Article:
Today is a great day to talk about why you need food storage. We all know what is going on in the world as it relates to supply chain bottlenecks all over the world. If you aren’t fully aware of the challenges of getting food and other products right now then you need to turn on your TV, listen to podcasts, or read some articles from reliable sources about what is causing the shortages and how to respond. If you need proof, go to your local grocery store and look at empty shelves in every food aisle. I have a friend who is an Emergency Preparedness leader in her neighborhood and surrounding areas for her church right here in Northern Utah. She is expected to get her fellow members up to speed and prepared as best she can.
I wish more people would understand the need to store food, have a pantry full, or even partially full. My friend mentioned some of her church leaders won’t respond to her emails requesting help to get the word out about food storage or emergency preparedness.
She’s frustrated because she sincerely understands why we all need to better prepare our families for things that are unexpected. She gets it, as do many of my readers. The last comment she received was not to instill fear in her fellow church members. Mark reminded me of a famous quote from President Franklin D. Roosevelt: “The only thing we have to fear is fear itself.”
President Roosevelt was trying to encourage all American citizens to look ahead, to face the Great Depression with hope, and to work together so we all can come through the challenges as a stronger nation.
Here’s the deal my friends, we need to somehow get people to understand they must have food storage, not because we are afraid of what’s happening, or could happen, but because we want the confident knowledge that we are ready to face those unforeseen situations because we used common sense and prepared in advance.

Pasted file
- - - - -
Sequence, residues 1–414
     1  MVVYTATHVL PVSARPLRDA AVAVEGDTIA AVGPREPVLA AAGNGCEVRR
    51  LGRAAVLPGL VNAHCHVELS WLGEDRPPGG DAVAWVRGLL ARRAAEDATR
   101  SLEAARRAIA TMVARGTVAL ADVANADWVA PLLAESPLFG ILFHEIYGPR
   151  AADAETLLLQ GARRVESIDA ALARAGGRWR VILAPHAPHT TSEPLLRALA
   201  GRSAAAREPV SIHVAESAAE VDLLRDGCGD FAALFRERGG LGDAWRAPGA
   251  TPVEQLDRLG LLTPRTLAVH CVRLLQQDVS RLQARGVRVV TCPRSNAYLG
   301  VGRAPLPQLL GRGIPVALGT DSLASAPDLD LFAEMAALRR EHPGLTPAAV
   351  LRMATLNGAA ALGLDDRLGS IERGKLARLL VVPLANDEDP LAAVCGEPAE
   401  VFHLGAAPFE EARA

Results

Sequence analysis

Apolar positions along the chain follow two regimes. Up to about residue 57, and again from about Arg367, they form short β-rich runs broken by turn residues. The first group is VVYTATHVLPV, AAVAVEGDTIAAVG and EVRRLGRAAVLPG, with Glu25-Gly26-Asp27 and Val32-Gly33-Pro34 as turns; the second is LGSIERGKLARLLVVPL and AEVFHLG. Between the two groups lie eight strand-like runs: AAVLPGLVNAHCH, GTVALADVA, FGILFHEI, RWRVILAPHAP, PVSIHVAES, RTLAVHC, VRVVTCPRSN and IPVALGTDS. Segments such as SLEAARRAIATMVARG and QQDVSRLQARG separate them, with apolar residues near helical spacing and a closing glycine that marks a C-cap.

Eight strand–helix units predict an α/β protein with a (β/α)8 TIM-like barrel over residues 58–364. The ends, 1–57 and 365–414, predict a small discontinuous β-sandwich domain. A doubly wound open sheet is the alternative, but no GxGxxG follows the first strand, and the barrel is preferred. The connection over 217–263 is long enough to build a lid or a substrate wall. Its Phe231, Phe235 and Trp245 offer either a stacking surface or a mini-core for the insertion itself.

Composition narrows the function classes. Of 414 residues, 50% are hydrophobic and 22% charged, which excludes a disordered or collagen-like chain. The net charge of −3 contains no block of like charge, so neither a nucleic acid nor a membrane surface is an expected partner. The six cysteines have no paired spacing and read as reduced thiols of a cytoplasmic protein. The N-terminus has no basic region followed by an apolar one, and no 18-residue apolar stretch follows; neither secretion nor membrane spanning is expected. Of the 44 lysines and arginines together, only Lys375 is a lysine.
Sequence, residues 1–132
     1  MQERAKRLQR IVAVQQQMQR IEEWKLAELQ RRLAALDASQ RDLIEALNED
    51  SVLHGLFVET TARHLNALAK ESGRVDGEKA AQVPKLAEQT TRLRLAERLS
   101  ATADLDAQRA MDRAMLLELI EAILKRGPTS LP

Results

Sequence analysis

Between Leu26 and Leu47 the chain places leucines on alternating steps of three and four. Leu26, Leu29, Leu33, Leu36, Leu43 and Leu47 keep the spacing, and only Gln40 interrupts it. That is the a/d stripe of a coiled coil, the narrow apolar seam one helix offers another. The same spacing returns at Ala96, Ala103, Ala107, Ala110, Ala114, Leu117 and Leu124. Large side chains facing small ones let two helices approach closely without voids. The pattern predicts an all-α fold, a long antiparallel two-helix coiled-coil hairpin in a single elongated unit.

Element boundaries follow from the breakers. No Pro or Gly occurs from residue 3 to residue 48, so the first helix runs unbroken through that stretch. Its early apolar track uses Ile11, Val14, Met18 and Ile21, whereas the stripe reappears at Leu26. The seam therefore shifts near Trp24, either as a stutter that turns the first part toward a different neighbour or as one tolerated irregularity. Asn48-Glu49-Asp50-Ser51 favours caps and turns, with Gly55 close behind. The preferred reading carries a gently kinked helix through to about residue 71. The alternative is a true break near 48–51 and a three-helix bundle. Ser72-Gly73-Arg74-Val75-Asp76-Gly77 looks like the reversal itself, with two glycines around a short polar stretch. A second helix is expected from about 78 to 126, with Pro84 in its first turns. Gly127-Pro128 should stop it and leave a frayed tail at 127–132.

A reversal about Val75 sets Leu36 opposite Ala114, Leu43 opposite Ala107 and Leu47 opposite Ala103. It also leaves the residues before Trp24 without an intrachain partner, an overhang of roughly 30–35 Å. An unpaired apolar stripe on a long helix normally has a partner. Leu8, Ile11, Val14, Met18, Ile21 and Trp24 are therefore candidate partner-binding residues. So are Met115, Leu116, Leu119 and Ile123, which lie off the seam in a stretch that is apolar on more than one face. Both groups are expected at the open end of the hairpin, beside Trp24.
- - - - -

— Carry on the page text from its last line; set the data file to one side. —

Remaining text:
Check out my book for many great ideas:
Is Faith All We Need?
Do we hide under a rock and think everything is okay if we just have faith? Are people thinking the government, FEMA, The American Red Cross, or their church will deliver food and other badly needed items to their doorstep as if these organizations or agencies have the resources to help everyone? That certainly isn’t realistic, even in the best of times.
Will they expect their neighbors to share all that they have in their pantry? Do they think the restaurants and fast food drive-throughs will be open after a disaster? We all know that isn’t going to be the case in many situations.
I feel like I’m on a soapbox today, and I guess I am. My heart tells me that you as my readers and friends understand the need to be self-reliant. But, I see so many people that don’t catch the vision of the importance to prepare for any disaster or unforeseen emergency.
Are they naive? They can’t use the excuse being prepared isn’t in their budget. Mark and I grew up with very little means, but our families understood the need to take care of themselves. We always had food in the pantry, it was not fancy but we knew what to do with it.
We grew up cooking from scratch, making bread, sewing our own clothes, and taking care of ourselves. I would love to say I have a freezer full of meat, or a cow I could slaughter, but I don’t. But I can cook many meals with what I do have.
When it comes to taking care of your family after a disaster, a job loss, a death, or an unforeseen emergency we must be prepared to do it. Read below about Mark’s personal experiences regarding unforeseen emergencies and how it affected his family growing up.
Why You Need Food Storage
Why You Need Food Storage
If in fact, the food chain continues to be disrupted year after year, we must be prepared to cook from scratch. Cooking from scratch is not throwing a piece of meat on the barbecue, and making a salad.
We must know how to stretch meals with rice, lentils, and beans. Another option is cooked wheat. I grew up on cooked wheat cereal, this is how I make mine.